Don’t Let Frost Damage Destroy Your Landscape
Time and time again, winter proves itself to be one of the harshest and potentially one of the most damaging seasons. Unfortunately, one of the hardest parts about winter has consistently been the inability to ever properly predict and prepare for the intensity of the weather and frost damage it leaves behind on vegetation and landscape equipment.
By the time winter makes its grand entrance, it’s usually too late and depending on where you live. But, with a little bit of foresight and proper preparation you can avoid some major issues, expenses, and even prevent some of the most common types of winter frost damage. This prep will give you a perfect leg up for the spring.
How To Prevent and Repair Frost Damage
One of the First Victims of Winter Frost Damage is Usually the Lawn
Luckily, there is a way to get plants prepared for frost and it involves pruning. To remedy the potential impact of frost, pruning the damaged leaves on your and flowers, if they don’t drop on their own, helps stimulate new growth in the plant and if you prune before any of the buds or branches are too seriously injured, you might even see new leaf production in the spring. You will want to get started on this before the fall season, however, as you don’t want to encourage any sudden push of new growth just before the harsh temperatures arrive. Set a date in your calendar to ‘harden off’ plants.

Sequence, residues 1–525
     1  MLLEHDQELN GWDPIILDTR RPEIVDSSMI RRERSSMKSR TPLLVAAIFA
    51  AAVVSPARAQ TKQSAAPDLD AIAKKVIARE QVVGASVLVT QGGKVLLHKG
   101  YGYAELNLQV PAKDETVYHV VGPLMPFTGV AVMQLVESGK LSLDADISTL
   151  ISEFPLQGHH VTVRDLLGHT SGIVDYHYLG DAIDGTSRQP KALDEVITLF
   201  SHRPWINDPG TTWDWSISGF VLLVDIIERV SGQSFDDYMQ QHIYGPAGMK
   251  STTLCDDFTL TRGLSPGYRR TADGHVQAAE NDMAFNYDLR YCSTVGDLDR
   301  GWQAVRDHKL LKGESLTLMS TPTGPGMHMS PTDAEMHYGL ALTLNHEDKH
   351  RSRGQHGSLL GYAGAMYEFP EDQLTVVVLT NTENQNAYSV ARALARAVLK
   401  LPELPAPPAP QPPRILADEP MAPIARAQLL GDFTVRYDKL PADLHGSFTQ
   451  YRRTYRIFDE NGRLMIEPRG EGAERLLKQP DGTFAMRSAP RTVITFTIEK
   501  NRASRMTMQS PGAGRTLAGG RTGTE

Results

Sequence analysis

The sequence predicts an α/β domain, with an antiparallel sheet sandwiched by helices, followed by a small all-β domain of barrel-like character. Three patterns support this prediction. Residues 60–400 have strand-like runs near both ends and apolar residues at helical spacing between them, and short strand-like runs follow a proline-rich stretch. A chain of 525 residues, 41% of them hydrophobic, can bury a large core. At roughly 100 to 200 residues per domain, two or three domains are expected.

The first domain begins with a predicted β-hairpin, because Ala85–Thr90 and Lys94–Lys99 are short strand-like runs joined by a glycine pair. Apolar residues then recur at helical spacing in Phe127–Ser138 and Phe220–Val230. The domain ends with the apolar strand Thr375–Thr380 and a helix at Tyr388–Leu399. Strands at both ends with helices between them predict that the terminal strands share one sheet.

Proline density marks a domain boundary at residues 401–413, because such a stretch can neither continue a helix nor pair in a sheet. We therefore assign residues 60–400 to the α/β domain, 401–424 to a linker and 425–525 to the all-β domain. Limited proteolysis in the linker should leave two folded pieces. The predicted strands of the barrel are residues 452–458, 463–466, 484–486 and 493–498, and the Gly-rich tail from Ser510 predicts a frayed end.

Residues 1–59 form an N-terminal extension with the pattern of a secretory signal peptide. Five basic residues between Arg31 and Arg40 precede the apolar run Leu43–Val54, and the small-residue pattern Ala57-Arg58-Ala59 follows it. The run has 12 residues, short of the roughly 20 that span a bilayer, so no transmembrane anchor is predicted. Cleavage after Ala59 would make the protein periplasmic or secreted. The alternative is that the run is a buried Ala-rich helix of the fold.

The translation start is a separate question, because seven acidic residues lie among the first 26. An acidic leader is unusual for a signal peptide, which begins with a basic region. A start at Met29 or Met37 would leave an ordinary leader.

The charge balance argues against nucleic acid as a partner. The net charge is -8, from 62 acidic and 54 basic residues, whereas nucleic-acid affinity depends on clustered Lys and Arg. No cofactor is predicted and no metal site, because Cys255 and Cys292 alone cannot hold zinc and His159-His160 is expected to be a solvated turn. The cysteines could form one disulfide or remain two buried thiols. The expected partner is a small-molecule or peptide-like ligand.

Proper fertilization of Plants in the Summer and/or Early Fall Prevents Frost Damage
Fertilization helps prevent any new growth that starts to push through during the colder times of the year. If you fear you might be too late, fear not, as you can also use slow-release or organic fertilizers to give plants the help they need over an extended period of time. If all else fails, you will want to be sure to replant what has been up-heaved once the soil has properly thawed out. You may even be able to push the plants back into the soil, but you will want to do this very carefully so that you do not damage the plant’s root system and you absolutely must wait until the soil thaws. You may find that mulch will help act as a buffer to the soil.
Properly Storing Landscaping Tools and Equipment Prevents Frost Damage
Now, in terms of your equipment staying ahead of the curve is a bit easier, but you want to make sure you stay on top of the work if you would like to avoid some major expenses in the springtime.
If you store your lawn equipment in a garage over the winter, make sure to give your equipment one last run to drain any leftover gasoline that may be left in the motor, siphoning excess gas into a clean can in this scenario also works. Unused gas left in your equipment can get stale and invite rust while dormant. This also pertains to any equipment that requires oil in the engine. Lastly, you want to be sure to disconnect any spark plugs to prevent your equipment from accidentally kick-starting.
The Secret Technique of Preventing Frost Damage
The truth is, it’s not much of a secret. One of the trade offs of having great looking landscaping is that it will require 365 days of your attention and the equipment you use also requires the same amount of attention. While proper watering and fertilizing are already a necessity throughout the year, it becomes even more important in the final month before winter arrives. Proper watering and fertilizing can ensure your lawn, plants, and flowers get water to their roots and can even help warm the soil during the cold season.
You’ve worked hard to cultivate such a beautiful looking lawn, don’t let a couple months of oversight set back you and sabotage all of the work you’ve done